If you do not mind, let me take a moment to depart from my normal postings about China and allow me a bit of nostalgia to talk about my college, Xavier University. Four years ago, I was ripe out of high school believing I understood all that is necessary about the world. Now entering my senior year in college, I realize that the world is entirely different than what I had thought; not only that, but how I view the world has been completely been relandscaped. Privilege, social responsibility, inclusivity, etcetera, etcetera, all of those buzz words that fly around Xavier have dug gaping trenches into the chambers of my heart. Four years has made a huge difference.
Being away from Xavier minded people has been an interesting transition. I am the only Xavier student currently doing a summer in Shanghai, China. Not only has the language and cultural differences of China been a change, but also weaving into a new crowd has been a transition itself. Having enriching discussions about poverty, social injustices, spirituality, or other issues that matter has not been an easy find. That is not to say that the people in this program do not care about any of that–they are truly wonderful people–I would merely say that we are of different circles. That being said, I did have a wonderful conversation with someone here about just those same topics the other day that inspired me to write this post.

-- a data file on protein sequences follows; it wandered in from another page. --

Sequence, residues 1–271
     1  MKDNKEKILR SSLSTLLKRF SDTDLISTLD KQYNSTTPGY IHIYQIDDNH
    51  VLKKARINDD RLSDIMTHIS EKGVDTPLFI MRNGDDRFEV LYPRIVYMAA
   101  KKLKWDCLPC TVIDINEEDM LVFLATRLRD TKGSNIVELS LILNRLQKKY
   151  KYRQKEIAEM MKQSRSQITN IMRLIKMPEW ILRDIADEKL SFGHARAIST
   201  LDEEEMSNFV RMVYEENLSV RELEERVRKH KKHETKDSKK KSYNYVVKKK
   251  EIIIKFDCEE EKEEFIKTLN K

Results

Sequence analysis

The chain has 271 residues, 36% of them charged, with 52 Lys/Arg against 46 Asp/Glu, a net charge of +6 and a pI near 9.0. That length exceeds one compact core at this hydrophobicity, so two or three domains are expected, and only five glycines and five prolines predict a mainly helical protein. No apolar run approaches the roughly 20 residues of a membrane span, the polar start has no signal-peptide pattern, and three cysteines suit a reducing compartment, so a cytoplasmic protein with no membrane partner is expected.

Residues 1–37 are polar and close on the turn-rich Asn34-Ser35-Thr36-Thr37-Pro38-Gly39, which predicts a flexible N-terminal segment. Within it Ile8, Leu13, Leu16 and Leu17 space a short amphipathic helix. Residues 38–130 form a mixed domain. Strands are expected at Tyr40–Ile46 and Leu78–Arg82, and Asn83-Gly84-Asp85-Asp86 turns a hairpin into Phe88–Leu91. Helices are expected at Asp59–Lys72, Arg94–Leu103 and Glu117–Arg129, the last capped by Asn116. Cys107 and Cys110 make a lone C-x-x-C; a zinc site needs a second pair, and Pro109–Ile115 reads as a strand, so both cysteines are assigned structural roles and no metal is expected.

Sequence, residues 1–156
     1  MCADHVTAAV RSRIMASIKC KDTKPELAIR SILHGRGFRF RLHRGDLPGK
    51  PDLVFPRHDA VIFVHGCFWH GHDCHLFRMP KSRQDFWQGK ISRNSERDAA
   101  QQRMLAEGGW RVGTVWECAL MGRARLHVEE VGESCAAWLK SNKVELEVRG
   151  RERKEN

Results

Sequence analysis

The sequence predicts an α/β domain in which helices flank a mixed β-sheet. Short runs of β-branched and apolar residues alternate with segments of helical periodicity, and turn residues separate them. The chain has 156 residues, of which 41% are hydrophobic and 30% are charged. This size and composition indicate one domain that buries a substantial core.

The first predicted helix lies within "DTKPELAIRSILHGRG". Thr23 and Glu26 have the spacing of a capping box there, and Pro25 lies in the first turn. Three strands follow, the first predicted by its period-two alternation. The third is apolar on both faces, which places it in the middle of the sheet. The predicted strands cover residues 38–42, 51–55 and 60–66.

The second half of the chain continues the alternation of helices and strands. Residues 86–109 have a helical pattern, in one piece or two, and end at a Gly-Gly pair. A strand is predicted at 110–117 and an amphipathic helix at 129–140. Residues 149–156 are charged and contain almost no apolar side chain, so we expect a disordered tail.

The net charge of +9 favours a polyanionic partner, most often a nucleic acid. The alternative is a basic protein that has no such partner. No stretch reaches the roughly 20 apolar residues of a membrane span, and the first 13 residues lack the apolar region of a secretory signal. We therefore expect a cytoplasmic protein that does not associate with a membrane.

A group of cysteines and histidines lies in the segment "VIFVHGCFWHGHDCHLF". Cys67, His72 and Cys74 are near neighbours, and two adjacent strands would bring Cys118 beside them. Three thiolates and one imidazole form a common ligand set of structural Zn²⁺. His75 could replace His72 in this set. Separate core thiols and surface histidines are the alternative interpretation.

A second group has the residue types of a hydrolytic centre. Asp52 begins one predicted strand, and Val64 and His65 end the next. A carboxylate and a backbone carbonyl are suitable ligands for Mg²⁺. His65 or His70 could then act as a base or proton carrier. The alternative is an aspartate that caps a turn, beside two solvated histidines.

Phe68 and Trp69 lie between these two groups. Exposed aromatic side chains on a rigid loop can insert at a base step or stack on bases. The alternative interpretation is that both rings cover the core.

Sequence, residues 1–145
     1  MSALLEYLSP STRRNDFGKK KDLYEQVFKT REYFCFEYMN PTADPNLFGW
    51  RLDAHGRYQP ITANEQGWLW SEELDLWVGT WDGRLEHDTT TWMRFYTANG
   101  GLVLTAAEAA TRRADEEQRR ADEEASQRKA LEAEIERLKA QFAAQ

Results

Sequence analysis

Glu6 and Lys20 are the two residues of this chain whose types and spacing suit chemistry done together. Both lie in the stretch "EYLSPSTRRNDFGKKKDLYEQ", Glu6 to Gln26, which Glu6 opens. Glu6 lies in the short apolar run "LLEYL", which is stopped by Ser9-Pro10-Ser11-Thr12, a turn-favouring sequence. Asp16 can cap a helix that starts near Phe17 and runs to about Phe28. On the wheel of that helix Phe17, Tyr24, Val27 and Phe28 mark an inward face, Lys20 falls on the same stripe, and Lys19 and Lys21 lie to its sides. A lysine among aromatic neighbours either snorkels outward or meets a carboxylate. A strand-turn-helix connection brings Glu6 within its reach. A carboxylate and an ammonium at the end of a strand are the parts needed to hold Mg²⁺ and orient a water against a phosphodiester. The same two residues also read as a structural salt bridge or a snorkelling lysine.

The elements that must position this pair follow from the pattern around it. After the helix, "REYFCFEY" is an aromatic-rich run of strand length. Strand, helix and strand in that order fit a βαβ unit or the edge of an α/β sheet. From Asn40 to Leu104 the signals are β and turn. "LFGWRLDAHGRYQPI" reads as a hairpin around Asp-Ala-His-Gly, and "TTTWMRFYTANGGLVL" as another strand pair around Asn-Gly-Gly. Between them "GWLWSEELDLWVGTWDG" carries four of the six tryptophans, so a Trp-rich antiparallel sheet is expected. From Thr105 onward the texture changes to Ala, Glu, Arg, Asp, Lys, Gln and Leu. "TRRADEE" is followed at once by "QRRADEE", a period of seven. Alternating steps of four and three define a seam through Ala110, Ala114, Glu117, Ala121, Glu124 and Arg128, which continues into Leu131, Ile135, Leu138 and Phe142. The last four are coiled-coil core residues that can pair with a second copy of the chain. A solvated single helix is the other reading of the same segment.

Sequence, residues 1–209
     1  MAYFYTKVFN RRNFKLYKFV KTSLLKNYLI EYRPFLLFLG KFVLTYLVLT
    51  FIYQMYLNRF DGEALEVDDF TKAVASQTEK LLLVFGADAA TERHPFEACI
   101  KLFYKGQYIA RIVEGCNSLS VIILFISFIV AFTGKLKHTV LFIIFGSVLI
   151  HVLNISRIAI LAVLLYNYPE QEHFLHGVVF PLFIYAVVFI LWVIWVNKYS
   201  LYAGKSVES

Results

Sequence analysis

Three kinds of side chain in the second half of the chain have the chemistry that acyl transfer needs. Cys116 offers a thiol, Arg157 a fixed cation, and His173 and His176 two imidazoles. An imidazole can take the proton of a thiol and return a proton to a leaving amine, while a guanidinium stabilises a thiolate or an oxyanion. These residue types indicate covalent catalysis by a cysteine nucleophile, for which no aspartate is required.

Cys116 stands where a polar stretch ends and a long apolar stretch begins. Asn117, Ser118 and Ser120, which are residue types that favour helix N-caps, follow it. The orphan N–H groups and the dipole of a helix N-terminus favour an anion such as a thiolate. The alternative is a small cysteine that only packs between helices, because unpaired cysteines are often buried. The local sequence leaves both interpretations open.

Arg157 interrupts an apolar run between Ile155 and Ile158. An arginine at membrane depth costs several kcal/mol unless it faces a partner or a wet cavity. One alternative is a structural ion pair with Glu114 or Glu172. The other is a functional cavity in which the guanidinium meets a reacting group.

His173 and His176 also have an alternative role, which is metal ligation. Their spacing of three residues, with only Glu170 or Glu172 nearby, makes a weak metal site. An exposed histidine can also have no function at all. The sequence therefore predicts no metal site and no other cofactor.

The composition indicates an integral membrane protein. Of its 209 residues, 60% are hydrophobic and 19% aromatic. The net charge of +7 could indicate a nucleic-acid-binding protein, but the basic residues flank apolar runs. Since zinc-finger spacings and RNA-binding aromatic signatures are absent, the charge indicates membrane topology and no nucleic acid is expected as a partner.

If my blog posts can enlighten any detail in the readers, it is that China is different. The culture, the food, the politics, everything is different in their own unique way in China. As the conversation with one of the other members of my program carried on, we integrated how being in China has effected our perspectives of the world. While I cannot exactly put into words the breadth of our conversation, I can say that I left the discussion with a deep sense of some indescribable emotion towards the education that I have received from Xavier University.
A Xavier education inspires people to consider different perspectives. It does not force students to change their image, it merely tilts the hanging picture against the wall just enough to make you think that something is different. It causes students to raise unanswered questions. It challenges the status quo to reconsider the preconceived norm. It maintains the frame, but changes the landscape of individual. In four years my landscape has changed, nearly just as dramatically as the landscape of Xavier in just four years.
Can you believe the differences that four years can make?